Sea surface temperatures

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Sea surface temperatures
Photo by Davide Cantelli on Unsplash
Sea surface temperatures have a large influence on climate and weather. For example, every 3 to 7 years a wide swath of the Pacific Ocean along the equator warms by 2 to 3 degrees Celsius. This warming is a hallmark of the climate pattern El Niño, which changes rainfall patterns around the globe, causing heavy rainfall in the southern United States and severe drought in Australia, Indonesia, and southern Asia. On a smaller scale, ocean temperatures influence the development of tropical cyclones (hurricanes and typhoons), which draw energy from warm ocean waters to form and intensify.

These sea surface temperature maps are based on observations by the Moderate Resolution Imaging Spectroradiometer (MODIS) on NASA’s Aqua satellite. The satellite measures the temperature of the top millimeter of the ocean surface. In this map, the coolest waters appear in blue (approximately -2 degrees Celsius), and the warmest temperatures appear in pink-yellow (35 degrees Celsius). Landmasses and the large area of sea ice around Antarctica appear in shades of gray, indicating no data were collected.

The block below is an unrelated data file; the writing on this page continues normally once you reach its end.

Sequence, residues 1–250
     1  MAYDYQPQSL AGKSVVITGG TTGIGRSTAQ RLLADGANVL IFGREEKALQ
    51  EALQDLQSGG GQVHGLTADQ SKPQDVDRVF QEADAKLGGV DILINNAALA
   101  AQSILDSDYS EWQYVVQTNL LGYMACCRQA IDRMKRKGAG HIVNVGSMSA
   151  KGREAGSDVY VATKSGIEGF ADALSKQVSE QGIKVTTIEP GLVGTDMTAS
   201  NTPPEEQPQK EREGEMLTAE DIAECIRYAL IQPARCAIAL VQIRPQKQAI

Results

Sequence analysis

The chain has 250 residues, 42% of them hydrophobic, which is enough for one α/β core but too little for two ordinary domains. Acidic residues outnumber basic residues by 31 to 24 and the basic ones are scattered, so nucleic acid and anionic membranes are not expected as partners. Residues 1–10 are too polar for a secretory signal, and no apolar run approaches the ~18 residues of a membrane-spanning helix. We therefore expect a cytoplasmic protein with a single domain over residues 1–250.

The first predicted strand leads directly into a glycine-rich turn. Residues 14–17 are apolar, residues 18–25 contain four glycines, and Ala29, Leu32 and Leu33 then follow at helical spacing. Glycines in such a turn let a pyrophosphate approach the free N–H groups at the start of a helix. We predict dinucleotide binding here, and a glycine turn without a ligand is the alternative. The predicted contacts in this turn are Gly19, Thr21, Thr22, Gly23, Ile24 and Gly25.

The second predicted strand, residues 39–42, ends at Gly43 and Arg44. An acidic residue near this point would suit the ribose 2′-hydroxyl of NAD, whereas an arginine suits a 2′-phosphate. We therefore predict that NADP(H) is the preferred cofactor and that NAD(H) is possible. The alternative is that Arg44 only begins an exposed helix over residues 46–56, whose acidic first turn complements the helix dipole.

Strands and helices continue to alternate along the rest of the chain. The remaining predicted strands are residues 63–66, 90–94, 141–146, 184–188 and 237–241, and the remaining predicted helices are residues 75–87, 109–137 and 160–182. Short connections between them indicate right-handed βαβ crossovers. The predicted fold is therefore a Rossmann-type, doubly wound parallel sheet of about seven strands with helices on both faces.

The most obvious pattern shown in the time series is the year-round difference in sea surface temperatures between equatorial regions and the poles. Various warm and cool currents stand out even in monthly averages of sea surface temperature. A band of warm waters snakes up the East Coast of the United States and veers across the North Atlantic - the Gulf Stream.

Although short-lived weather events that influence ocean temperature are often washed out in monthly averages, a few events show up. For example, in December 2003, strong winds blew southwest from the Gulf of Mexico over Central America toward the Pacific Ocean, driving surface waters away from the coast, and allowing cold water from deeper in the ocean to well up to the surface. These winds are a recurring phenomenon in the area in the winter; they are known as Tehuano winds.

View, download, or analyze more of these data from NASA Earth Observations (NEO):
Sea Surface Temperature

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